Monday, December 29, 2014

Hooray For Movie Musicals!

This weekend I was fortunate to see two movies and BOTH were musicals. That is a rare thing in our day and age, but it makes me happy to see these movies do so well at the box office (especially Into the Woods). It is a win win for movie goers and live theater audiences.

My daughter is 10. The perfect age to see Annie. I was 10 when the John Huston film version came out with Aileen Quinn, Albert Finney and Carol Burnett. I was mesmerized by that film. I already knew I wanted to be an actress, but that film opened my eyes to the magic of being a performer and I ate. slept and breathed anything "Annie". Almost a year later I would be cast in the role and my passion for theater hasn't stopped since.

So, it was very special to take my daughter, along with my mom who was visiting for Christmas, to see this movie. It didn't disappoint. It was a sweet, genuine family movie with many of the familiar tunes given a fresh make-over to fit in the modern setting. The chemistry between Jamie Foxx (the Warbucks character) and Quvenzhane Wallis (Annie) was undeniable. I loved the humor of Rose Byrne who played Grace and the over the top performance of Cameron Diaz who played Miss Hannigan. Both made me laugh and over all I thought this was a lighthearted, feel-good family movie.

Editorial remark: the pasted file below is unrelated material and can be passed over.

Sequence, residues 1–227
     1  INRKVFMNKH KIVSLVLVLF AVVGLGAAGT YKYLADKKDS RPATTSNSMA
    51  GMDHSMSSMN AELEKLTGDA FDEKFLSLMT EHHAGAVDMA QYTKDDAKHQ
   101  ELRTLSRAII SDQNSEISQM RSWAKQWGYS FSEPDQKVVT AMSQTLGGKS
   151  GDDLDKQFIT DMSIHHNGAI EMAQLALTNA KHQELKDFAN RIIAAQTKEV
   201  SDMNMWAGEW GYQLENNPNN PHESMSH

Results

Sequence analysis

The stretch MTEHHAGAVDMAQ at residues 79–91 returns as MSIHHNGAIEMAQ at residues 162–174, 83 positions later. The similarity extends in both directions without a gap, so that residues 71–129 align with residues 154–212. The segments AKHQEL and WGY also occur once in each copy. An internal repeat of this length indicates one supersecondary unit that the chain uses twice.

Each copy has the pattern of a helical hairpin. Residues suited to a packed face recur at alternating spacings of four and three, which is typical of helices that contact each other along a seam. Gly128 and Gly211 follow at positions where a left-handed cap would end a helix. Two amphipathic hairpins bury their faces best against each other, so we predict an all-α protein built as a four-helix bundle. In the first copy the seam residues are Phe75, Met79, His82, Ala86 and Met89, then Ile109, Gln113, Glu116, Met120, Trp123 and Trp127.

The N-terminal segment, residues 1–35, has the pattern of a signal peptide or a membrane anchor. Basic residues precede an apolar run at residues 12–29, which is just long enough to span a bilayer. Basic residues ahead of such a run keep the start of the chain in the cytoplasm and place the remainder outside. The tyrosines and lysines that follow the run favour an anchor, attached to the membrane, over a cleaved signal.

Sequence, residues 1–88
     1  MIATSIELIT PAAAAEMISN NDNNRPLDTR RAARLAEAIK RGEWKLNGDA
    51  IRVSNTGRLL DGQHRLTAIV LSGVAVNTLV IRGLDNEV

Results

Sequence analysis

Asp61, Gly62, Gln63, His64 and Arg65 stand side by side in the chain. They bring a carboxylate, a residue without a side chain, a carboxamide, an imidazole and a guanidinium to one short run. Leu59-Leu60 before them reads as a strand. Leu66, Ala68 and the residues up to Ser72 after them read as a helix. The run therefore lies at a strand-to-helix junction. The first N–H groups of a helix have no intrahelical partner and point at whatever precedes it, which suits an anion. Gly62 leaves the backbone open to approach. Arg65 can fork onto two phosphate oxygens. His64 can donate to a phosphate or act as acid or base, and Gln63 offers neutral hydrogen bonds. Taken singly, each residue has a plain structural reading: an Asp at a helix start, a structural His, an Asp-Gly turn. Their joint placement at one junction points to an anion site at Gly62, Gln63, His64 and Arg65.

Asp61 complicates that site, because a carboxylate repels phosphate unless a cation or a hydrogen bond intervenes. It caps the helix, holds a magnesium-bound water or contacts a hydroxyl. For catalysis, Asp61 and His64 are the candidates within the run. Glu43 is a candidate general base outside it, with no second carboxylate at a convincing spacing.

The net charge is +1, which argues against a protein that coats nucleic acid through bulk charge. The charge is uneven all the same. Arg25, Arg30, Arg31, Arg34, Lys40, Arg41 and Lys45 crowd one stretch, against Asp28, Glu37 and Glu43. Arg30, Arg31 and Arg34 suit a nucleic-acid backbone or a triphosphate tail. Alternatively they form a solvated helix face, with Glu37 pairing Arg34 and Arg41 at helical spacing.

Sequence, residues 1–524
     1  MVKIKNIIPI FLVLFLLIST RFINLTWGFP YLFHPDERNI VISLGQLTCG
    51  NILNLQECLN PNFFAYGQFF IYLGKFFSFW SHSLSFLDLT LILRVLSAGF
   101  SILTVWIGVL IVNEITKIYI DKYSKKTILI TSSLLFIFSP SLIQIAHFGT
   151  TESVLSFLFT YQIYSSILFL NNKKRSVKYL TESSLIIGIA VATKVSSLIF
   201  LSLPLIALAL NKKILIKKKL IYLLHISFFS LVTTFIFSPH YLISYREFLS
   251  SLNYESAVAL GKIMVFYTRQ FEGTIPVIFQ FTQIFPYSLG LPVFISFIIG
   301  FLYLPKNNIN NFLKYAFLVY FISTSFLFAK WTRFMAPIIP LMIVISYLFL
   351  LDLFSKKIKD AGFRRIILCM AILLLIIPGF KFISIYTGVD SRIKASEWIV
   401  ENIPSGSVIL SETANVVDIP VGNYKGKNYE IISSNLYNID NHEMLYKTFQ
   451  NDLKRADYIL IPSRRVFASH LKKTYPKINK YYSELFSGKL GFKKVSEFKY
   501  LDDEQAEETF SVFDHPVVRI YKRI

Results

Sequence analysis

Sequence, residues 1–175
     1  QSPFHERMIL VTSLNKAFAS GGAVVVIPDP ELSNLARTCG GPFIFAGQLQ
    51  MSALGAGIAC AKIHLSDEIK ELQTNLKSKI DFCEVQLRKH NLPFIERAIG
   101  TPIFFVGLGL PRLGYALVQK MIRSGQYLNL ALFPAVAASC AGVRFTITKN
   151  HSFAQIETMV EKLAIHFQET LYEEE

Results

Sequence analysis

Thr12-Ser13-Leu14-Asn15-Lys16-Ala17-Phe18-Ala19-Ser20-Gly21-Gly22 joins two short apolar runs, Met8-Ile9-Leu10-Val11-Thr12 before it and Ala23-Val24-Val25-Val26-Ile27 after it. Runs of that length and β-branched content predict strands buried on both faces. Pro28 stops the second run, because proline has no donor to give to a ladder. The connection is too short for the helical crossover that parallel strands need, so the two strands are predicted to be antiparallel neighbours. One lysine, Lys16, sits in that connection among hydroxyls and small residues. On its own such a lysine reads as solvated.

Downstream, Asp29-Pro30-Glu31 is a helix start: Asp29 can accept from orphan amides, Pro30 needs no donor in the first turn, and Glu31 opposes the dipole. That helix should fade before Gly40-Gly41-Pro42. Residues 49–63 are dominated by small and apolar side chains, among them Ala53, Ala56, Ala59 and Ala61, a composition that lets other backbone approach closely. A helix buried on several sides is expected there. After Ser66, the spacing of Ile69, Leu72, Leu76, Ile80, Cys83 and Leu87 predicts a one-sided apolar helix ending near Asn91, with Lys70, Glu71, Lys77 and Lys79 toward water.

From a vocal stand point it was adequate. Jamie Foxx is the true vocal talent of this film, that is pretty obvious, but I didn't mind too much. At least there weren't a bunch of screaming young vocalists, that drives me crazier than a studio affected sound. The three of us had a great time. And yes, I realize I am bias because of my sentimental attachment to this film, but so what, it was refreshingly optimistic and fun. We need more of that in this day and age. And much like my experience as a child, my little girl came home singing the songs into the night and expressed how she wanted to perform on stage. The apple doesn't fall far from the tree...

We had planned a double date with some friends for Into the Woods, but sick kids prevented them from coming so we took our kids. And it was nice to be able to do that. Another added bonus is these musicals are both rated PG. When you have a young family, it is great to have movies that you can all see together.

Into the Woods is one of my favorite musicals. I am a Sondheim fan through and through. I was privileged to play the witch some years back and Roger played the steward. We were newlyweds and it was amazing to be in a show together at that time in our relationship. I had seen the original Broadway cast through a filmed version and then Roger and I saw the 2002 Broadway revival a couple times since my friend understudied Vanessa Williams as the witch.